Saturday, April 9, 2022

Introducing From the Cheap Seats

As I have noted before, this is not a smart military blog, but I do have one friend who can be considered an expert in the subject, Col. Andrew Dziengeleski, a former Pentagon planner, recently retired, and relatively free to offer his expertise. I got news via Facebook today that, in his copious free time, that will no doubt decrease once fishing season gets going, he was going to start a blog. Well, here it is Andrew Dziengeleski. His first post was a simple introduction, FROM THE CHEAP SEATS

I’ve decided to start writing. I enjoy writing, when done well, it can be an art form regardless of the length of the story. I will write about anything I find interesting, but will concentrate on military history, military strategy and operational art, book reviews, fish and fishing, foraging for wild mushrooms, Philadelphia sports, music and who knows what else. It’s partially therapeutic, partially informing whatever audience might accumulate over time, and hopefully interesting, humorous and worth the time the reader puts into the piece.

I’ve decided to call my column “From the Cheap Seats” as an homage to the Eagles Seasons Tickets my Dad had when I was a kid.. . .

And his second is a piece on how he sees the invasion of Ukraine by Russia going, FROM THE CHEAP SEATS: Russia and Victory Disease. Just a taste of his conclusion:

I see a lot of gloating on-line, in the press and on the television about the failures of the Russians. I would caution these people and remember the old line about the Russian Army, “It is nowhere near as bad as they seem at the start of a war, and nowhere near as good as they seem at the end of a war.” This war is not over yet, and while the initial military and political objectives have not been attained by the Russians, they still possess a large arsenal of chemical, biological and nuclear weapons, and Russian military doctrine takes a much different approach than Western military doctrine on the employment of these weapons.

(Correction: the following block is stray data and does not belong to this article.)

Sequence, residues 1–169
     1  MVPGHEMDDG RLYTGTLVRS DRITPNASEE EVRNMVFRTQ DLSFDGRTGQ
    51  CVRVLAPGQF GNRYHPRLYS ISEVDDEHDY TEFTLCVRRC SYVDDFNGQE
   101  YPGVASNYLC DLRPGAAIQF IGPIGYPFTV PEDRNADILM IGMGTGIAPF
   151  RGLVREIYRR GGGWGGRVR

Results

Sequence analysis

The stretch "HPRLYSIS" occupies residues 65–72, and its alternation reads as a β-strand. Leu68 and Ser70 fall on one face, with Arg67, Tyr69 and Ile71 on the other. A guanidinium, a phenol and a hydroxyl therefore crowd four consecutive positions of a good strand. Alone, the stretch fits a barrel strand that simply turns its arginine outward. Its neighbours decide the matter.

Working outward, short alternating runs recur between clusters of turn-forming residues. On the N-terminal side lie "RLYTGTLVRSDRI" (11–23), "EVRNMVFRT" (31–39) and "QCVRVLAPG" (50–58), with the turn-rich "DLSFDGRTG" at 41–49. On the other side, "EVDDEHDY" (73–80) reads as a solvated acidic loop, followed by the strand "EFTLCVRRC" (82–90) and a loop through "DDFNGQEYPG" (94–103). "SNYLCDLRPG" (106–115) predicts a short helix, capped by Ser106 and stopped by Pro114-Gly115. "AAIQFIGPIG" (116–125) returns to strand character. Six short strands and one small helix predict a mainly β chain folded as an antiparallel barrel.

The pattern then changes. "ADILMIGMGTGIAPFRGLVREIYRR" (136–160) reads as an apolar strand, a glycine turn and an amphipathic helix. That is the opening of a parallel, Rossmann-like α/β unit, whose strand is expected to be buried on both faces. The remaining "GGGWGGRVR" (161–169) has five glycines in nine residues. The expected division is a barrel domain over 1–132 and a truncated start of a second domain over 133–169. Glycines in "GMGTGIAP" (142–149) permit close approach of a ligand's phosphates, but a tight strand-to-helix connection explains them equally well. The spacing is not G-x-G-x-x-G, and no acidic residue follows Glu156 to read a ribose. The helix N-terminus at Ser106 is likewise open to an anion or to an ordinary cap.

For now, it seems clear that the Russian victories over the last 20 years deluded the senior leadership about Ukrainian resistance. Russian leaders believed a quick decapitation campaign to seize Kyiv and arrest or kill Ukrainian political leaders would result in a sudden strategic victory. As we all have seen, the Russians believed their own hype, had no idea how to adapt to changing environments once their initial plan failed, and the age old virus of victory disease came to fruition once more.

I've added his column to the blogroll on the right hand side. 

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